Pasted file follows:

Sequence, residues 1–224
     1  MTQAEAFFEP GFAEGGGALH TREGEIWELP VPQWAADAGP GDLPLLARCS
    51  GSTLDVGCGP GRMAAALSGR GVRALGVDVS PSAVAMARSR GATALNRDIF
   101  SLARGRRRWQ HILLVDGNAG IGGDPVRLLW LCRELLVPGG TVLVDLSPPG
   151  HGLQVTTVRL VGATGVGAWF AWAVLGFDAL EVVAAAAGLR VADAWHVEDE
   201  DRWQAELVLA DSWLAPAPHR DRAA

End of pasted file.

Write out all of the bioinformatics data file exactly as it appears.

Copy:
Sequence, residues 1–224
     1  MTQAEAFFEP GFAEGGGALH TREGEIWELP VPQWAADAGP GDLPLLARCS
    51  GSTLDVGCGP GRMAAALSGR GVRALGVDVS PSAVAMARSR GATALNRDIF
   101  SLARGRRRWQ HILLVDGNAG IGGDPVRLLW LCRELLVPGG TVLVDLSPPG
   151  HGLQVTTVRL VGATGVGAWF AWAVLGFDAL EVVAAAAGLR VADAWHVEDE
   201  DRWQAELVLA DSWLAPAPHR DRAA